Marlin 1898 Shotgun Replacement Stock
Machine rough inlet walnut replacement stock for Marlin 1898, 12 gauge shotgun.
Stocks are intentionally cut oversized and maybe cut generic to fit several other different models of the same gun. Additional final inlets, shaping, and fitting will need to be completed on the customer end.
Item is not finished as it may appear. It has only been rubbed down with mineral spirits to enhance the grain. Grain patterns will also vary from the examples. Read more below >
All sales are final, no returns. Only exchanges will be accepted if the wrong item was ordered and it is unaltered.
International Customers: Sorry, we do not ship gun stocks outside the US.
Click Here for the matching forearm.
Replacement stocks are in very high demand. Generally, stocks and forends in standard grade walnut will ship within two-four weeks. At times, a stock or forend may need to be cut. Depending on the season these may take several more weeks to cut. We do not have an electronic inventory with the shop and they can sell out very quickly from one day to the next. Please be patient, as many of our custom products may need to be crafted, ship times may run up to 6-8 weeks. This is a small family shop, one of only a few left doing replacement stocks.
Higher grades and different custom woods are available.
Our unfinished and uncheckered gun stocks and forends are generally purchased by accomplished woodworkers, gunsmiths, and others, who are familiar with the term rough machine inletted and who have access to the tools, equipment, and knowledge needed for safe gun stock fittings.
The major shaping and inletting will already be completed to get you started. Some notches or spring holes may only be roughed in or the location marked to finish hand inletting during the fitting.
Stocks and forends are intentionally cut oversized including the inletting from the original patterns. This is to leave the room during the hand fitting process for a good fit and the removal of any machining marks. You may need to remove anywhere from 1/16” to as much as 1” of material in some areas. Keep in mind older guns may have been modified, reshaped, or refinished over the years and may be smaller than the originals. Many of the older guns also had parts handmade, therefore, the extra material has been left in to compensate for variations as not one part may be exact to the next.
Some blade chatter leaving rough spots may occur around pistol grips and cheekpieces that will need to be filed and sanded to finish shaping.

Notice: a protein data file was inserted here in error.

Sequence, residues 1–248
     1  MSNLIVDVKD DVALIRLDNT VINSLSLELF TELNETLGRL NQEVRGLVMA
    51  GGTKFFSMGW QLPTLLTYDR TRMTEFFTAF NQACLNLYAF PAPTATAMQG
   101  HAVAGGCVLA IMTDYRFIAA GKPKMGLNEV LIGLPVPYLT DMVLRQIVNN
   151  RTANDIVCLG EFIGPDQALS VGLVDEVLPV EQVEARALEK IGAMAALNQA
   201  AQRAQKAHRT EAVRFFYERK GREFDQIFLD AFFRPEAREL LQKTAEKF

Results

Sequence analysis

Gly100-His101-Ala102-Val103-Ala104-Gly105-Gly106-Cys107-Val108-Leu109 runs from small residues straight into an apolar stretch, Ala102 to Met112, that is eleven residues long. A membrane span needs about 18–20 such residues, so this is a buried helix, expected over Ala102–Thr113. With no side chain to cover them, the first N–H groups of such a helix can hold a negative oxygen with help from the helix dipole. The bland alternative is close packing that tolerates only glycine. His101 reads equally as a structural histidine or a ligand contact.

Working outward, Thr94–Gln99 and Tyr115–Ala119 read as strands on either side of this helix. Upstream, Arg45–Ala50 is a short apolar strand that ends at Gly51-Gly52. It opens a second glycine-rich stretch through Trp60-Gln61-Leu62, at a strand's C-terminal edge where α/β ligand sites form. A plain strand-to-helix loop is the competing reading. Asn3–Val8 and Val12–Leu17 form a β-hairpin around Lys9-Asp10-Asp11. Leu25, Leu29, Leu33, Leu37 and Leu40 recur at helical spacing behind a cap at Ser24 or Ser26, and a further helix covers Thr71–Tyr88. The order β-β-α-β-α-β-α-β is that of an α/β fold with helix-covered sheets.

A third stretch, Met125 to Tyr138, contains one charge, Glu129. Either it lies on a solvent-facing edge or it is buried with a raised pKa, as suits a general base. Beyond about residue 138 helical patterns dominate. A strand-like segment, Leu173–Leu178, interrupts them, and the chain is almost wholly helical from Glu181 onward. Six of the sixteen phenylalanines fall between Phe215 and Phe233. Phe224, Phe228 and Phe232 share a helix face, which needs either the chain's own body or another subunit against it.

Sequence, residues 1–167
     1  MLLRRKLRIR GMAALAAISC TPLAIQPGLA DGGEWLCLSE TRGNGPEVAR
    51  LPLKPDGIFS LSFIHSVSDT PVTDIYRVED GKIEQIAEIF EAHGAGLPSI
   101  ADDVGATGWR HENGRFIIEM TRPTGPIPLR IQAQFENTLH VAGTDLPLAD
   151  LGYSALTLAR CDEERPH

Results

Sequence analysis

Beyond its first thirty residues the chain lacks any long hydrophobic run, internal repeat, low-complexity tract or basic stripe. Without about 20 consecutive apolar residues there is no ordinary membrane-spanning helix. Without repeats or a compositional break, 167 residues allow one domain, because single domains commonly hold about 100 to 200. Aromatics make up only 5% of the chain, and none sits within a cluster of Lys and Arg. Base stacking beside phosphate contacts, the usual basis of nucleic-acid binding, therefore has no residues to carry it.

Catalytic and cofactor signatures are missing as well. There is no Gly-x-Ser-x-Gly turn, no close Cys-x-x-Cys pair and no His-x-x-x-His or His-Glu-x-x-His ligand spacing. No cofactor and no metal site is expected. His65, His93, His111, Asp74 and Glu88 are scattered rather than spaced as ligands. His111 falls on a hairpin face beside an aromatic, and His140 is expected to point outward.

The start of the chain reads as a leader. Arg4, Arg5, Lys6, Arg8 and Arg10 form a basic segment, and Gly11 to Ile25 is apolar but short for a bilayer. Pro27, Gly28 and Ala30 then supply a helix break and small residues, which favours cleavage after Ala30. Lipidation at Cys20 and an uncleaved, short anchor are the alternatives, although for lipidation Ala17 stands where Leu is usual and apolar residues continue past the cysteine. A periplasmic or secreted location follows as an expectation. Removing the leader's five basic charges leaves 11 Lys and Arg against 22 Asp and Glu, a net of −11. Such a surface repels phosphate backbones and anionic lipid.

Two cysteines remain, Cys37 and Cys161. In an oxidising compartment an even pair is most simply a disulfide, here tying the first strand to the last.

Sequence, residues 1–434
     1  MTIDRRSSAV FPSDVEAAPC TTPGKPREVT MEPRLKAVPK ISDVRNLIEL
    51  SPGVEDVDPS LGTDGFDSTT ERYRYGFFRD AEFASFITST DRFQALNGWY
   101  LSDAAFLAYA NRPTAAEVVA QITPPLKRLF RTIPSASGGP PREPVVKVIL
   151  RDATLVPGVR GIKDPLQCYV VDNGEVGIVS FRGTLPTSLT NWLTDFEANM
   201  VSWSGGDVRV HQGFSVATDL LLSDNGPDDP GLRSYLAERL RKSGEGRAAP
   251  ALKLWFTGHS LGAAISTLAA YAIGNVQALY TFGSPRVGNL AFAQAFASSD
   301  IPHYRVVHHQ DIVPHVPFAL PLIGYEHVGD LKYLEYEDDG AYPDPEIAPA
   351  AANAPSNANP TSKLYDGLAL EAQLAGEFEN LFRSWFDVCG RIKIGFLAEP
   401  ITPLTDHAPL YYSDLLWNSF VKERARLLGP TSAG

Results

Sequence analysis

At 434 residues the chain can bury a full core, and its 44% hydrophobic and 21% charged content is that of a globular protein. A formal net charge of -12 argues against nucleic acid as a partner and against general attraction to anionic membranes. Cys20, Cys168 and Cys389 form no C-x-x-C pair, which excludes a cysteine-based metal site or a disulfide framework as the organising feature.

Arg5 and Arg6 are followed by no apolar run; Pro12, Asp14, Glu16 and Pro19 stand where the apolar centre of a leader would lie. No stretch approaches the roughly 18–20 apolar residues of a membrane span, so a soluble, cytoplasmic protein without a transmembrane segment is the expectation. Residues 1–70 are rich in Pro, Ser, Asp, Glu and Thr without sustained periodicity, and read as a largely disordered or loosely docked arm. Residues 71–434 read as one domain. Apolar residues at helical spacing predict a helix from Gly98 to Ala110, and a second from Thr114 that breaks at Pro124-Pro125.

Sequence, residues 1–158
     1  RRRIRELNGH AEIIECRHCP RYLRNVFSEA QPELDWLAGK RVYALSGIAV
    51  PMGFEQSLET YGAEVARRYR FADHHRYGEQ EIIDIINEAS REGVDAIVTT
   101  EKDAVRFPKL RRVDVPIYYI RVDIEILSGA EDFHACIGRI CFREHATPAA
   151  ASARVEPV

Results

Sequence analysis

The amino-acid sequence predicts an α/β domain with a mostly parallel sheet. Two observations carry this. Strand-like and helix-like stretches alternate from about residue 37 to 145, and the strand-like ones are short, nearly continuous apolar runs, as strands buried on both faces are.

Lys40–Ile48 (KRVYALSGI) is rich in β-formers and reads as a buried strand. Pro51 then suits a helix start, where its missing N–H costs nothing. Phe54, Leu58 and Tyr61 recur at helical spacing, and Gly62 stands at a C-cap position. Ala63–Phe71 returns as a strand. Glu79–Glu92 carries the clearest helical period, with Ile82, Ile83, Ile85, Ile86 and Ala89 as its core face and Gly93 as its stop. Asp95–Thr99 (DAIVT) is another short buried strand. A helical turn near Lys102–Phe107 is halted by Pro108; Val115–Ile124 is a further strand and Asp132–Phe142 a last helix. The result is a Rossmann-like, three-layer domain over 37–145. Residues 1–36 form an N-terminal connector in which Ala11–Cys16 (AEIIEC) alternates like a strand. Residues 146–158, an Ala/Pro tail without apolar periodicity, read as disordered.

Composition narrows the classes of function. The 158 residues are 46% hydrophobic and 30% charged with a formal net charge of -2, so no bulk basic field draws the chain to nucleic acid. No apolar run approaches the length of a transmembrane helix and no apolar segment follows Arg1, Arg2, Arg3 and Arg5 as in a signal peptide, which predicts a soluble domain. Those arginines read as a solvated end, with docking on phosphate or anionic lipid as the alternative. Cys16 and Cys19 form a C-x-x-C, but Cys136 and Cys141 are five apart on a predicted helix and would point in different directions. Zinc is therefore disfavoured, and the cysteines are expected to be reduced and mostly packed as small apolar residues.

Some shotgun and other stocks may even have additional material left in certain parts of the stock to allow for such things as comb adjustment.
Narrow strips of wood (bridging) may be left at the top of the inlet on some forends to bridge the sides for shipping. Gun stocks with long thin sides that will fit around a receiver may also have the very end of that opening left bridged with the remaining inletting completed. This bridging helps to protect the most fragile areas until the parts are ready to begin the fitting process. Bridging is easily removed with a small hand saw.
The more popular the model the more closely the stock and forend will be sent for that specific model.
To cut down on duplicate inventory, one generic stock or forend may be used for several different models and those years they were manufactured. These guns may have also been sold under different names but used the same stock and forend such as many of the Stevens and Savage models.
If the stock manufacturer made a radical change in models for one period to the next, those stocks will have their own specific identity to order such as the Winchester Pre-and Post-64 era stock selections.
Generic cut stocks and forends that will fit several models may require some additional minor inletting by the customer for specific adaptations, recessed parts, and accessories that were not carried over to all model years. This might include such things as a longer tang cutout, a recessed commemorative plate, a fancy trigger inset, a slight modification for the receiver or barrel.
Specific to a forend modified for such things as a shell ejector, those will likely come undrilled as most will have to be properly aligned and drilled at the time it’s being hand-fitted to the barrel.
Unfinished stocks may have natural cosmetic imperfections such as minor knots, burls, heartwood, mineral lines, or minor cosmetic fill work that will be needed before finishing. These are not considered a defect.
If you do not see a specific model listed or have other specific questions just e-mail us your needs.
Stocks can also be duplicated from an existing stock that is in good shape.
We may e-mail you for a picture of your stock or forend so that we can have the shop ID it and send you the correct one.